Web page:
Blog: The Tomato Circle: Planting Tomatoes Horizontally
Baby Brandywines on their first day.J. Stillman
I think I learned something last weekend about growing tomatoes.
A woman at the high school plant sale told me that tomato roots like warmth; they shouldn't be set deep in the soil. Then she picked up a six-pack of long, leggy tomato plants. She pointed at the “bumps” at the bottom of the stem. “Those are new roots,” she said. “Instead of digging down, when you set this plant, dig horizontally. Lay the root ball and the stem in the horizontal 'hole' up to the first leaf. Pull that leaf off. Then cover the root ball and stem, including where the leaf was, with soil.”
She advised planting the six tomatoes in a circle, with the root balls in the center and the plant stems forming the “spokes.”
Have you heard of or had luck (good or bad) with this planting method?
I did it, and I have high hopes for lots of Romas to slow roast!
July 1: Romas are not very promising but the Brandywines may be the most productive ever, thanks in large part to a heap of Cock-a-Doodle fertilizer and the remains of the horse manure/wood chip pile. Now, if I can only keep the beetles away!
July 18: The plants are big and bushy (the best my tomatoes have ever looked), but there are few flowers and no fruits.
Elsewhere in the garden, massive moths have been spotted. Some believe these are signs of pests to come.
July 25: After five days of rain, some of it torrential, the sky is finally clear and the sunshine is brilliant. Hopefully this will “push” the little yellow tomato flowers into becoming fat fruits.
August 14: Lots of fat green brandywine tomatoes on the vines, thanks to all of the rain we have had. I saw some poop from what I guess is a finger-size horn worm, but could not see the creature itself anywhere. I fear that any day now, I will discover that he will snuck into the garden and took killer bites out of my tomatoes. Does anyone know of any defenses? The Romas have been slower to develop, but if all of the flowers become fruits it will be a bountiful harvest. That is, if I can keep the worm(s) away.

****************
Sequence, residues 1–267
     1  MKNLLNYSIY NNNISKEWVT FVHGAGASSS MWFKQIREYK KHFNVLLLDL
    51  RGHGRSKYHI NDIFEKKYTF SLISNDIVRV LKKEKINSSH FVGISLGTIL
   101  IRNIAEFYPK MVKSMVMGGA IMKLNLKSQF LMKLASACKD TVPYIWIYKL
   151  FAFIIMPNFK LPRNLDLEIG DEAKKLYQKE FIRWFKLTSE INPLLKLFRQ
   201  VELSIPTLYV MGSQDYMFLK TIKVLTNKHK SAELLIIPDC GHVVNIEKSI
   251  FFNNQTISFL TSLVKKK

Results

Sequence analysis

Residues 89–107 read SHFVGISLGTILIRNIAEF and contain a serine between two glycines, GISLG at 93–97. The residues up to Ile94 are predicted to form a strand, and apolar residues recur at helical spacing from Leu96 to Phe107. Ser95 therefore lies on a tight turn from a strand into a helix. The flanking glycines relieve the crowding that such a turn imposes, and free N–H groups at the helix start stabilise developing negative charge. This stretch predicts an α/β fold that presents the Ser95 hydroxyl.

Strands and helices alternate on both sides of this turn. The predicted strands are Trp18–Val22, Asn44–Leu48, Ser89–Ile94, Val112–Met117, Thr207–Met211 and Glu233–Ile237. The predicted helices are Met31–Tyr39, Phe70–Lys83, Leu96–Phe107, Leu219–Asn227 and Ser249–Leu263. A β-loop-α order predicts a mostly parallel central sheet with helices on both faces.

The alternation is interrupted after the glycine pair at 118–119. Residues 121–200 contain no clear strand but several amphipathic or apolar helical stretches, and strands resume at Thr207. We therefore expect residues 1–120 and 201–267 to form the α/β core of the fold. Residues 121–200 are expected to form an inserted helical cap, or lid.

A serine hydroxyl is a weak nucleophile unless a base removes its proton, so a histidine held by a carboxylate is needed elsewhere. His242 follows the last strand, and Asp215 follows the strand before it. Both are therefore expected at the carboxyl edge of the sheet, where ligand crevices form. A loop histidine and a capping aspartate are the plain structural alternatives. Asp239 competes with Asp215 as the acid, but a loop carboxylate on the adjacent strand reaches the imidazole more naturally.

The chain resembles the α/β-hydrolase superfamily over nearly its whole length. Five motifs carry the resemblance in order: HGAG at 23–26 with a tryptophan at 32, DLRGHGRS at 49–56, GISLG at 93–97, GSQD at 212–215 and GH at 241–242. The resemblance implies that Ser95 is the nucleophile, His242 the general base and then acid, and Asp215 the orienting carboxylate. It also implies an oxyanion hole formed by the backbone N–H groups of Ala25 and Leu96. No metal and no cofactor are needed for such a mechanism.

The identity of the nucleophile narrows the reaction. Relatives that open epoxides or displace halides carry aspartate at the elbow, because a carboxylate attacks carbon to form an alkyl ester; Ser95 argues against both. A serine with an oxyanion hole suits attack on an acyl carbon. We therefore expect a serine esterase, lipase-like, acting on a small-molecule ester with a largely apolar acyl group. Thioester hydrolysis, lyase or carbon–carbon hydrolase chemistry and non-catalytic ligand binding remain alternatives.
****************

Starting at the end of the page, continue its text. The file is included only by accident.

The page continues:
About woody radishes: I think they just grow too big to be tender. I let some of mine go to seed and many are now as big as potatoes, while the greens have sent up lovely white flowers.
The carrots are getting fat as baseball bats and the beets are becoming like baseballs. Ah, but those beet greens are delicious lightly steamed, then sauteed in butter and a few drops of lemon.
Picked two heads of half rotted, mushy green/white cabbage this past week and one good one. I never saw a pest on the plants, so perhaps the brown mushiness was caused by all the rain…? The one good head was delicious, too, as slaw.
Nearby, the cauliflower is coming along nicely and a second planting of greens (spinach and lettuces) should be ready soon.
August 20: Grasshoppers and beetles have devastated the bean crops. Absolutely wiped them out. It has never been so bad. The beautiful bed that held so much promise (and pods) is leafless and lifeless. Bean pods hang limply from fragile stems, the leaves, now peppered with holes, are decaying on the ground. A measly few of the cranberry bean pods actually matured enough to take on the lovely pink and creamy-white color. I opened one pod and inside were five teeny beans with a fresh, healthy, almost polished mauve and white surface. In another, were four stone-like beige beans. Such complete elimination is astounding. (I will take a picture before I rip out the remains.)
Meanwhile, the tomatoes, Brandywines and Romas, are thriving. I have removed two nasty horn worms so far, and only yesterday, stripped off most of the plants' leaves in hopes that the big green beauties will turn red; warm days are forecast.
The Brussels sprouts are starting to form nicely on the stalks of most of the plants. The second set of beets are coming along nicely (last night I mistook beets for spinach and picked off lots of leaves; oh well, they're edible too).
August 25: The pests that destroyed the bean crop are Mexican bean beetles! According to a local source, every gardener in our plots would have to refrain from growing beans for three years, if we have any hope of getting rid of these bugs.
About This Blog
Your Old Farmer's Almanac editors occasionally share our reflections, advice, and musings—and welcome your comments. too.